Beth glanced toward Drew's property, feeling her skin tighten with unease. "Have you listened to a weather forecast?" she asked. It wasn't a deliberate attempt to change the subject. She was concerned. Normally, she would keep the shed open until four-thirty at least, but today she wanted to batten down the hatches and be tucked up in her cozy two-bedroom bungalow before the first raindrop fell.
In the time since she purchased the farm, she had updated the inside of the cute little house and made it her own. If Drew had bought the property, he probably would have bulldozed the place. The farmhouse was old, but Beth loved it. Not only was it a wonderful home, it was concrete proof that she had made something of her life.
She had a knack for growing things. The Texas soil was rich and fertile. She wasn't going to let a self-important billionaire push her around. Drew had been born into money, but his horse breeding enterprise had added to the coffers substantially.
Now Drew's gaze scanned the sky as well. "The radio said we have a tornado watch, but I doubt it will be too bad. We're a little bit out of the usual path for storms like that. Haven't had one in years. Even when we do, the ones that do the damage tend to happen in the spring, not the fall. I don't think you have anything to worry about."
"I hope not."
"So back to my original point," he said. "Your little enterprise here is adversely affecting my business. If we can't come to some kind of amicable solution, I'll have to involve the county planning board."
"Are you actually threatening me?" She looked at him askance.
His wording made her heart race. In some perverse way, she got a charge out of their frequent heated arguments. Despite his suborn refusal to acknowledge her right to operate her produce stand as she saw fit, she was secretly attracted to him, much against her better judgment.
Although most days she would be more than happy to wring Drew Farrell's wealthy, entitled neck, she couldn't discount the fact that he was 100 percent grade A prime beef. That probably wasn't a politically correct description, but seriously, the man was incredibly handsome. He wore his dark brown hair a little on the shaggy side. The untamed look suited him, though. And his bright blue eyes had probably been getting females into trouble since he graduated from kindergarten.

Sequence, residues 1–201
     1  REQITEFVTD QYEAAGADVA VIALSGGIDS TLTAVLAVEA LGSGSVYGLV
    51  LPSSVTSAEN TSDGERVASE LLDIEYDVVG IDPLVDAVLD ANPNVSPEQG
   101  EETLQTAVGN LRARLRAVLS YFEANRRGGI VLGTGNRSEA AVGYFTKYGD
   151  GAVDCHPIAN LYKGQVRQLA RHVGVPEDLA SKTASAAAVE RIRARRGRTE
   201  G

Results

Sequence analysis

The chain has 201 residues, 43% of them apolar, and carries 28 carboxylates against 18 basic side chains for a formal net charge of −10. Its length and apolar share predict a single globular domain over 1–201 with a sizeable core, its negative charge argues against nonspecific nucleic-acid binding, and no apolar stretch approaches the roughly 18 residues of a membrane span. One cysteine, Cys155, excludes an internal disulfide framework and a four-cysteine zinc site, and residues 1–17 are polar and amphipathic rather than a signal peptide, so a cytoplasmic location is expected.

She knew he had been engaged once in his mid-twenties. Something happened to break it off, so Drew had been a free agent for the last six or seven years. He was a mover and shaker in Royal, Texas. In short, everything Beth was not.
She didn't have a chip on her shoulder about her upbringing. More like a large splinter, really. But it didn't take a genius to see that she and Drew were not at all suited. Still, it was difficult to ignore his physical appeal.
His eyes narrowed. "It's not a threat, Beth. But I'll do whatever I have to in order to protect my investments. It's worth it to me to restore peace and quiet to this road, to my life for that matter."
"So mature and staid," she mocked.
"I'm only four years older than you," he snapped.
His knowledge surprised her. "Be reasonable, Drew. I have as much right to be here as you do. True, I may be David to your Goliath. But if you remember your Sunday school lessons, that didn't end well for the giant."
"Now who's threatening whom?"
For the first time, a nuance of humor lightened his expression. But it was gone so quickly it was possible she imagined it. He was definitely spoiling for a fight. If it weren't for her splitting headache caused by the change in weather, she would be more inclined to oblige him.
She really did understand his frustration. As a horse breeder, Drew's reputation was world-renowned. He sold beautiful, competitive animals to movie stars, sheikhs, and many other eccentric wealthy patrons. Her modest organic farming operation must drive him berserk.
But why should she have to suffer? Her small house and a few acres of land were all she had in the world. She'd worked hard to get them.
"Plant some trees," she said. "Fast-growing ones. You really should quit harassing me. I might have to get a restraining order or something."
She was kidding, of course. But her humor fell flat. Drew was not amused. "I don't think you understand how serious I am about this. There's a road on the far side of your place. Why can't customers come to the produce stand that way?"
Hands on hips, she glared at him. "It's a cattle path, not a road. It would take thousands of dollars to improve it, and in case you haven't noticed, I'm not the one with the silver spoon in my mouth."
His gaze was stormy. "Why did you want this particular piece of land anyway?"
She shrugged, unable to fully explain the emotions that had overtaken her when she realized she could finally afford a place of her own. "It was the right size and the right price. And I fell in love with it."
"You can't run a serious business based on feelings."
"Wanna bet?" His patronizing attitude began to get on her nerves. "Why don't you tell your elite clients that I'm a sharecropper, and you're doing your good deed for the year?"
"That's not funny."